i. “I prefer to be true to myself, even at the hazard of incurring the ridicule of others, rather than to be false, and incur my own abhorrence.” (Frederick Douglass)

ii. “To make a contented slave it is necessary to make a thoughtless one. It is necessary to darken the moral and mental vision and, as far as possible, to annihilate the power of reason.” (-ll-)

iii. “The part of life we really live is small. For all the rest of existence is not life, but merely time. […] In guarding their fortune men are often closefisted, yet, when it comes to the matter of wasting time, in the case of the one thing in which it is right to be miserly, they show themselves most prodigal.” (Seneca the Younger, On the shortness of life)

iv. “It takes the whole of life to learn how to live, and — what will perhaps make you wonder more — it takes the whole of life to learn how to die.” (-ll-)

v. “those who forget the past, neglect the present, and fear for the future have a life that is very brief and troubled […] They lose the day in expectation of the night, and the night in fear of the dawn.” (-ll-)

vi. “The best way to know your faults is to notice which ones you accuse others of.” (James Richardson)

vii. “To condemn your sin in another is hypocrisy. Not to condemn is to reserve your right to sin.” (-ll-)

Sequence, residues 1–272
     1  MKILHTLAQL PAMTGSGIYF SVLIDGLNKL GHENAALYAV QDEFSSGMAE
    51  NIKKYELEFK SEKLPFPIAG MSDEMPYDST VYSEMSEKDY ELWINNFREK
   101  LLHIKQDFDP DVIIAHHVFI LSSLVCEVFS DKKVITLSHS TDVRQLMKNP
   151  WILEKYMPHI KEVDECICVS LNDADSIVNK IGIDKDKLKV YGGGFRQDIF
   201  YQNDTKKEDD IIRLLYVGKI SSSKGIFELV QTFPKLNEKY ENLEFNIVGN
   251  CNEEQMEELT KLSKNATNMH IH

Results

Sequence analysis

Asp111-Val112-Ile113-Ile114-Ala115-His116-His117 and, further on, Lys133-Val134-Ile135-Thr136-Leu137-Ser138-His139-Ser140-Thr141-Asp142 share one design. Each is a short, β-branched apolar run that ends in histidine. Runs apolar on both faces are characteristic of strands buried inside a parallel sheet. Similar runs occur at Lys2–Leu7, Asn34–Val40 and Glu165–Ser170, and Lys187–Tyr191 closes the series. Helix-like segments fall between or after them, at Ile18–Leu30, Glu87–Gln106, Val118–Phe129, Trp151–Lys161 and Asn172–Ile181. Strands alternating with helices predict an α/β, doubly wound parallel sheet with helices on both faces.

viii. “Let me have my dreams but not what I dream of.” (-ll-)

ix. “The man who sticks to his plan will become what he used to want to be.” (-ll-)

x. “The new gets old much faster than the old gets older.” (-ll-)

xi. “Embarrassment is the greatest teacher, but since its lessons are exactly those we have tried hardest to conceal from ourselves, it may teach us, also, to perfect our self-deception.” (-ll-)

xii. “Bitterness is a greater failure than failure.” (-ll-)

xiii. “The surest sign that a man has a genuine taste of his own is that he is uncertain of it.” (W. H. Auden)

xiv. “All the things that happen and seem so important at the time, and yet you forget them, one after another.” (Thomas M. Disch)

xv. “Inspiration usually comes during work, rather than before it.” (Madeleine L’Engle)

xvi. “A man who knows how little he knows is well, a man who knows how much he knows is sick.” (Witter Bynner)

xvii. “What is well done is done soon enough.” (Guillaume de Salluste Du Bartas)

xviii. “Be advised that all flatterers live at the expense of those who listen to them.” (John de La Fontaine)

xix. “We are what we think. To change how people act, we must change what they believe.” (Mark Riebling)

xx. “Sometimes, only one person is missing, and the whole world seems depopulated.” (Alphonse de Lamartine)

March 23, 2016 Posted by | quotes | Leave a comment


i. When you counsel someone, you should appear to be reminding him of something he had forgotten, not of the light he was unable to see. (Baltasar Gracián)

ii. “If you cannot make knowledge your servant, make it your friend.” (-ll-)

iii. “Knowing how to keep a friend is more important than gaining a new one.” (-ll-)

iv. “There are persons who, when they cease to shock us, cease to interest us.” (F. H. Bradley)